Author(s): Stefania Piazza; Zhangjie Peng; Frederick C. Sonnenwald; Jesus Leonardo Corredor Garcia; Mariacrocetta Sambito; Gabriele Freni; Ian Guymer
Keywords: WDN; Water quality; Experimental analysis; Laser-Induced Fluorescence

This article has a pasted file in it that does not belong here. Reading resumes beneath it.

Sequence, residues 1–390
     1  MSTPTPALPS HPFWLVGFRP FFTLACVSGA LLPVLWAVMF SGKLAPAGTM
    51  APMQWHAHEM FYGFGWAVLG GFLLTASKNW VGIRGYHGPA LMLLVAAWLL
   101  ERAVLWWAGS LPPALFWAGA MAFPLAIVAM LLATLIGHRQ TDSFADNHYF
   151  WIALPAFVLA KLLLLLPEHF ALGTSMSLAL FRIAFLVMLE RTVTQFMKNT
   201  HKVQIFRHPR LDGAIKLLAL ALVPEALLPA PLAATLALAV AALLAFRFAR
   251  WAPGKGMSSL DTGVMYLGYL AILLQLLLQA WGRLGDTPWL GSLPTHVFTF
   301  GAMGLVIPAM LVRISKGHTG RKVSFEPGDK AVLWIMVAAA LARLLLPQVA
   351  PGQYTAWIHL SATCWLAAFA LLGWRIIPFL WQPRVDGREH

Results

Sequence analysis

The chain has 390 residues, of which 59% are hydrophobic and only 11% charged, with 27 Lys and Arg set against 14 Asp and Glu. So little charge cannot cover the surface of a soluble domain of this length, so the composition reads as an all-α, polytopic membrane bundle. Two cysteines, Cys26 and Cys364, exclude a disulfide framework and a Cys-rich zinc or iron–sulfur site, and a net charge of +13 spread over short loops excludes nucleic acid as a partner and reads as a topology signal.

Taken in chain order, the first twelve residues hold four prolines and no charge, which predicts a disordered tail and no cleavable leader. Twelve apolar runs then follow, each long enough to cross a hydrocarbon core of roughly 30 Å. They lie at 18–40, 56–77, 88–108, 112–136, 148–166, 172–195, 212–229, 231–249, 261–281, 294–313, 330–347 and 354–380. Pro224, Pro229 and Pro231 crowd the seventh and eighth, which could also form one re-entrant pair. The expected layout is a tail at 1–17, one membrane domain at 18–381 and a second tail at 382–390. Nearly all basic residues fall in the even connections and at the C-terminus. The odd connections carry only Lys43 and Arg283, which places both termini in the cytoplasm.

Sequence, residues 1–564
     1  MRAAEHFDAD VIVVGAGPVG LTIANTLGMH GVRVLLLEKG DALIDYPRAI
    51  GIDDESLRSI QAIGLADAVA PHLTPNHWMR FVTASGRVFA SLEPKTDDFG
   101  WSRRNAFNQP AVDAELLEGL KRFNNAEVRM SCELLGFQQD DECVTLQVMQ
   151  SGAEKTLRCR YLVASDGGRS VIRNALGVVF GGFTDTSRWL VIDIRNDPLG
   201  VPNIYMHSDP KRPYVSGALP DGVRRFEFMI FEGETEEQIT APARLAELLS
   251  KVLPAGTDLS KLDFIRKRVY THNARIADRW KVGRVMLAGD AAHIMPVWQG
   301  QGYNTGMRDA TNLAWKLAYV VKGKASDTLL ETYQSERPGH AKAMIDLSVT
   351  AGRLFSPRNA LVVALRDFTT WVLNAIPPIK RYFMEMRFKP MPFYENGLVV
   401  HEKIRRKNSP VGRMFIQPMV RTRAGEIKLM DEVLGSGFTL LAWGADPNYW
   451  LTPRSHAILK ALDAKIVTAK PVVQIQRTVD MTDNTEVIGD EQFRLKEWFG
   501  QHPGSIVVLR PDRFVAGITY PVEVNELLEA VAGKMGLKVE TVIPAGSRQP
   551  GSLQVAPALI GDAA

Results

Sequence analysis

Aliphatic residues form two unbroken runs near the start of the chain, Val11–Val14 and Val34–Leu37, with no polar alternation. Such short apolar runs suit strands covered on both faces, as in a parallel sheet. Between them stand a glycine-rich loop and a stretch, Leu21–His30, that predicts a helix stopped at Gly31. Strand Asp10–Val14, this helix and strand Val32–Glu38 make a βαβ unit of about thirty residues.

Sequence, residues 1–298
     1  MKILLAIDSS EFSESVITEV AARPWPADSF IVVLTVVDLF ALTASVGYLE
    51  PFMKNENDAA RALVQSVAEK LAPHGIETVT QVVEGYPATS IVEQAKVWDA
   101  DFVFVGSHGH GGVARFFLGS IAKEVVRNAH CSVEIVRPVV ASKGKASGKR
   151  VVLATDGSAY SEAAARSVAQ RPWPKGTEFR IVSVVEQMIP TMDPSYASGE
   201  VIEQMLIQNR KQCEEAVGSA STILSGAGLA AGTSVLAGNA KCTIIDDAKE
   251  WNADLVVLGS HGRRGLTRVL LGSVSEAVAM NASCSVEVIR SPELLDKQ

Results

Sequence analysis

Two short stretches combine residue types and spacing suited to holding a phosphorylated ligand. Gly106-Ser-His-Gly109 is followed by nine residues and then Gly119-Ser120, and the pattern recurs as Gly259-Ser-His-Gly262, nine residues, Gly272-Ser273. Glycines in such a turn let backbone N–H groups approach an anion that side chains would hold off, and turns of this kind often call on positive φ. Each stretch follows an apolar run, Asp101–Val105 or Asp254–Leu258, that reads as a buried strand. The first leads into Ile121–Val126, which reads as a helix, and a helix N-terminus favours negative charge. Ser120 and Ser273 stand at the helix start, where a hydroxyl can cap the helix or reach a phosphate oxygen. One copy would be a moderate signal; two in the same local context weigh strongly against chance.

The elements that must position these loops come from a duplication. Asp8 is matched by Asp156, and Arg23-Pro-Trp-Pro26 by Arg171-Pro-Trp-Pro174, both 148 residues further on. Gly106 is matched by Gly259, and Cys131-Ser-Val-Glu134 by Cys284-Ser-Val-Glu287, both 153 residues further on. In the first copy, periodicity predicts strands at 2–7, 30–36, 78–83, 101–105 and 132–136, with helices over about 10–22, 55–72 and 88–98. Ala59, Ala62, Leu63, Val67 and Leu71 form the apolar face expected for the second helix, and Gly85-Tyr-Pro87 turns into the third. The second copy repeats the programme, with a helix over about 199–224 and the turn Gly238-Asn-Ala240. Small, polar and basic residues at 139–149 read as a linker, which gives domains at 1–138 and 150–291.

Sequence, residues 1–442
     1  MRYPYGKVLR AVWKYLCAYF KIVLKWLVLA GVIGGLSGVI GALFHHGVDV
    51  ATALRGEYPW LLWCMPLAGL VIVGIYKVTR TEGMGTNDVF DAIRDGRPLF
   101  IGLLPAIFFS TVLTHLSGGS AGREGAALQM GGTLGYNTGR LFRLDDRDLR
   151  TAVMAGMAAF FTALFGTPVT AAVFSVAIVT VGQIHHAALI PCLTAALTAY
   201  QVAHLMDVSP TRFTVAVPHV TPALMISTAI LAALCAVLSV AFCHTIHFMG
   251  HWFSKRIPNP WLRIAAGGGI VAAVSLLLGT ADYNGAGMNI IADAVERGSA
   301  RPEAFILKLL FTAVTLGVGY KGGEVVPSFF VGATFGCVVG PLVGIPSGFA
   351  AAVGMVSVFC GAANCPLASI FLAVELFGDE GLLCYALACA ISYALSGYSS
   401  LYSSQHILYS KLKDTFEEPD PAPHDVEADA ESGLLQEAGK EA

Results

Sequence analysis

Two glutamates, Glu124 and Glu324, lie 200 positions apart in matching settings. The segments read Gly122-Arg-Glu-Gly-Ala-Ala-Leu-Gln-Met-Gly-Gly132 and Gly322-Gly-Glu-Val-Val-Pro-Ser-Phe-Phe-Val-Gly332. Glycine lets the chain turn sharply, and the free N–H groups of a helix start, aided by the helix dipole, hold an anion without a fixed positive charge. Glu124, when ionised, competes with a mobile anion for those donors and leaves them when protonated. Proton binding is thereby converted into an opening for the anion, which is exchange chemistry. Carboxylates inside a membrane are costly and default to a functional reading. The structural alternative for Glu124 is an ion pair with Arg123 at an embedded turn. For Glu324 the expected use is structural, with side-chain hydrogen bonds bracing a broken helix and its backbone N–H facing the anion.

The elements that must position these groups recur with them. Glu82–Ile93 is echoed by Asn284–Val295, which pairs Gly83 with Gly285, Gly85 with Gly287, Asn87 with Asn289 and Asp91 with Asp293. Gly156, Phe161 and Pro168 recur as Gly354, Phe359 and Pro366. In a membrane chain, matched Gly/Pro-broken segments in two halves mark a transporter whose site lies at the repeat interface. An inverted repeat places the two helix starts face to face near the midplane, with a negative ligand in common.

Abstract: To correctly model water quality within the distribution networks, it is necessary to use models that effectively reproduce concentration variations, considering all the transport mechanisms involved (advection, diffusiondispersion, reaction). Currently, the water quality models use steady-state hydraulic modelling, in which the momentum and water volume conservation equations present simplifications. On the other hand, there are cases in which it is not possible to use the steady-state analysis and it is essential to consider the spatially varied condition. Some recent studies have analysed the longitudinal dispersion processes of a fluorescent tracer inside a linear pipeline under unsteady flow conditions as a function of the different existing flow regimes (Laminar, Transitional, Turbulent). This showed that using a flow-weighted time routing approach, using mean tracer velocity and dispersion coefficients provides accurate mixing predictions in an unsteady flow. This study aims to experimentally investigate the longitudinal and radial dispersion processes within water distribution networks under spatially varied flow conditions to investigate how these processes influence the transport of two conservative tracers (sodium chloride and rhodamine 6G) in complex systems. We used two different experimental approaches: one simplified and usable also in real network during service; one more detailed to be used in controlled environments.